Addis Ababa, July, 24/2020(ENA) National Risk Disaster Management Commission (NDRMC) warned that intense seasonal rainfall could displace 434,000 people out of the two million people at risk in Ethiopia.
National Meteorology Agency, Basins Development Authority and NDRMC on Friday have held press briefing on seasonal rainfall risks.
During the briefing NDRMC Deputy Commissioner, Damene Damota said man-made and natural disasters posed risks in some parts of the country.
The recent unrest following murder of renowned singer Hachalu Hundesa caused loss of lives and property damage that left thousands of people homeless and displaced, he stated.
The spread of COVID-19 pandemic, desert locust infestations, flooding and landslide catastrophes are among the disasters the commission is dealing with, he noted.
“About two million people are expected to face risk of flooding and land sliding, and 434,000 of them could be displaced in this rainy season,” he warned.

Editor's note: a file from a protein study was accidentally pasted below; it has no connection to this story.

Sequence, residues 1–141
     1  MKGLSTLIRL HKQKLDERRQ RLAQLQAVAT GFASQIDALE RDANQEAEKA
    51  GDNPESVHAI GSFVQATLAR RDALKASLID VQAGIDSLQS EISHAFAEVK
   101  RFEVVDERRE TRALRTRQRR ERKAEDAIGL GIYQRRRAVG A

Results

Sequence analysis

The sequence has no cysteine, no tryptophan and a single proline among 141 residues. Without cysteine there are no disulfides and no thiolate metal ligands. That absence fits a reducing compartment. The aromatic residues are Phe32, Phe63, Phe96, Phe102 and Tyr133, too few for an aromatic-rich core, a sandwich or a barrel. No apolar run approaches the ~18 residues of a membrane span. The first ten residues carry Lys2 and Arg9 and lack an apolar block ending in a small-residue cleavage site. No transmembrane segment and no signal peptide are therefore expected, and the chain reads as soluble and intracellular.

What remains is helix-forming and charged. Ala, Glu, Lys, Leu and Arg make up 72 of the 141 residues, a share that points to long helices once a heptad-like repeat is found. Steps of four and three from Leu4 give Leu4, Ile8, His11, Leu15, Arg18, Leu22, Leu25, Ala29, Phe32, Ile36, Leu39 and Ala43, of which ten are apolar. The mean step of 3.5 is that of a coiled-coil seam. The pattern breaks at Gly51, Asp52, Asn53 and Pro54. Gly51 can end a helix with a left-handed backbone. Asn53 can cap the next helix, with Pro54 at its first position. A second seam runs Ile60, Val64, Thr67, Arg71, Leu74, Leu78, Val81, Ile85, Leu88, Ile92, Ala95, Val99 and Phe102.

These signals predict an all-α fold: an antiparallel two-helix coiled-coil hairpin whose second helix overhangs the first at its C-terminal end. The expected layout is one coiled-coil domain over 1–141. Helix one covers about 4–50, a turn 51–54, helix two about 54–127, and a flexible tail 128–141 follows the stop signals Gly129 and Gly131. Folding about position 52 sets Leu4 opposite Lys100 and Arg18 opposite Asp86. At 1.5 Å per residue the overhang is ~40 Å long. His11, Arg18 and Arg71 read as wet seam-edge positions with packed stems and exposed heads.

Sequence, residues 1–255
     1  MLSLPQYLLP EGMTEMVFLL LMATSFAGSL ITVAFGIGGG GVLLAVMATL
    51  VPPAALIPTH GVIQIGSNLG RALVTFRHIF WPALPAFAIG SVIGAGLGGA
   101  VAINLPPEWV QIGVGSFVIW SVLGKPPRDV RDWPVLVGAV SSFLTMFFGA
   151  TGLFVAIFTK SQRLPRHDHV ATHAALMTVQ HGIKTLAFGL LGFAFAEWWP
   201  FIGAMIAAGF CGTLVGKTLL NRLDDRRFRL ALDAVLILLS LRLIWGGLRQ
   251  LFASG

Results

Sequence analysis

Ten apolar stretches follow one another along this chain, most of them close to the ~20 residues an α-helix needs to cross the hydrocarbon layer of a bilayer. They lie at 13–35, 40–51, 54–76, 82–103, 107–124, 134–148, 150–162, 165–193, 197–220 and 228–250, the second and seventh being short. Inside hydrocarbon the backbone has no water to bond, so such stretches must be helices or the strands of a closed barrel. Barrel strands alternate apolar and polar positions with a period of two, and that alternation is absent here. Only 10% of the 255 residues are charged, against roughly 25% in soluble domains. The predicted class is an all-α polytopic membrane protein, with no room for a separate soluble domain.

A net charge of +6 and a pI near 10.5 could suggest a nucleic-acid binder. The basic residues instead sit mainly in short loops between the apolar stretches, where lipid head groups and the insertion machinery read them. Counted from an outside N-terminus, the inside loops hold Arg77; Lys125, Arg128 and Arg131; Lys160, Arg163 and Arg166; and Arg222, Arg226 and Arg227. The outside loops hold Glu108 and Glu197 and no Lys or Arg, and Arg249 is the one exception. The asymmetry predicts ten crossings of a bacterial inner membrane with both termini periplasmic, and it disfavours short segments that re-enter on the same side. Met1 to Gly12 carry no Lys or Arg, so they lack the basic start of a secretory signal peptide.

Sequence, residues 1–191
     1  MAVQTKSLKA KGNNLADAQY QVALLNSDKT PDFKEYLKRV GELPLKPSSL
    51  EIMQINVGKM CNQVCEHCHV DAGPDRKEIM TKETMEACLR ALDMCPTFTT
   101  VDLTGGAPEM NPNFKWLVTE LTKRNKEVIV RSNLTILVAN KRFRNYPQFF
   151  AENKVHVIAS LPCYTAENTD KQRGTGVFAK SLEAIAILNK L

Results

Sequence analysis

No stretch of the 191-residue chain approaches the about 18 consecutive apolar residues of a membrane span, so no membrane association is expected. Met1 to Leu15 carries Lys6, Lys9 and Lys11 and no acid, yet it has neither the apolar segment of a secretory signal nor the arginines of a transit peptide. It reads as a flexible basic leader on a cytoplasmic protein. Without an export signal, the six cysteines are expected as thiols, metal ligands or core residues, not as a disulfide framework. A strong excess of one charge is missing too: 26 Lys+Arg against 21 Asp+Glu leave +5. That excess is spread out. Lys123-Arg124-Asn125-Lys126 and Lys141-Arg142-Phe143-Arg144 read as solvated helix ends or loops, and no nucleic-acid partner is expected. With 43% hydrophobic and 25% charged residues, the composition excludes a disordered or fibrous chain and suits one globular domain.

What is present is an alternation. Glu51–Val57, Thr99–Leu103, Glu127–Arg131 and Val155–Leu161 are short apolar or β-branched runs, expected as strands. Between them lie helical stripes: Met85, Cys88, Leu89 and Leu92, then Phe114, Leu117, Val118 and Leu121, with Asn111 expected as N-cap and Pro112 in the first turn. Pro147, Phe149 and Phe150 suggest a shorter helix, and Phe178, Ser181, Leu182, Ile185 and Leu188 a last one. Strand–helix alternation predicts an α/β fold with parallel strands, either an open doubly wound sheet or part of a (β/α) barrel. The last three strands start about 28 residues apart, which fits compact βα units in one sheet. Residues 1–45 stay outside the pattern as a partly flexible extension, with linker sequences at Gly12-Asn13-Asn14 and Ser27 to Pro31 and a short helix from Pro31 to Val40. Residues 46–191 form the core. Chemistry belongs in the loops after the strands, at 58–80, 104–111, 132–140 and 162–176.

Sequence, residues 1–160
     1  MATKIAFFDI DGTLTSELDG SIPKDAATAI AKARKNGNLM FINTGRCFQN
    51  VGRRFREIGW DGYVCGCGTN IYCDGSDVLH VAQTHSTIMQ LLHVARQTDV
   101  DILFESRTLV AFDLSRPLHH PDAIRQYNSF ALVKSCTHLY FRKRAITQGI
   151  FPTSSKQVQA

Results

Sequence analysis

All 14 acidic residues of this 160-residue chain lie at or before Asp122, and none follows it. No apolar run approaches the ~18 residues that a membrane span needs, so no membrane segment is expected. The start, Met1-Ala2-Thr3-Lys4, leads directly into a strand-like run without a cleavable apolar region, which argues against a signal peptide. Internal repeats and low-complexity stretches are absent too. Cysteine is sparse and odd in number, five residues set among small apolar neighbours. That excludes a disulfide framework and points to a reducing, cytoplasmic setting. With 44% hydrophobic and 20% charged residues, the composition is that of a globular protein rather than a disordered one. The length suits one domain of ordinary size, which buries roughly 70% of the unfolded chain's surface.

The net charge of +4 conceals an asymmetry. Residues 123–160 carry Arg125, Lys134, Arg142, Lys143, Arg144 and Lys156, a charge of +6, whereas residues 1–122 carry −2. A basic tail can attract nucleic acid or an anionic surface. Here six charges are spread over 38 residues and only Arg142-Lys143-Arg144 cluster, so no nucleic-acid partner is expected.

He recalled that most of the 301,000 people displaced in the small rainy season have been returning to their domiciles though rehabilitation works are underway in collaboration with humanitarian partners.
National Meteorology Agency Director-General, Fetene Teshome, said intense rainfall in the rainy season could pose unprecedented flooding and land sliding risks in some parts of Ethiopia.
According to Fetene, the normal and above normal rainfall expected to continue until September could cause unprecedented flooding and landslide in parts of the country.
North West, South West and Central parts of the country are forecasted to receive normal and above normal rainfall in this rainy season, according to him.
Parts of Oromia, Tigray, Amhara, SNNPR, Afar, Benshangul Gumuz and Gambella are expected to receive normal and above normal rainfall, he noted.
Basins Development Authority Director-General, Adanech Yared stated that the intensified seasonal rainfall is sufficient for the filling of the ten dams despite risks of over flooding in four dams if prevention measures have not taken.
The authority is working with stakeholders to prevent flooding and minimize the risks in residents downstream of the dams particularly in Kesem, Tendaho, Koka and Tana Beles, which are in high risk of over flooding, she said.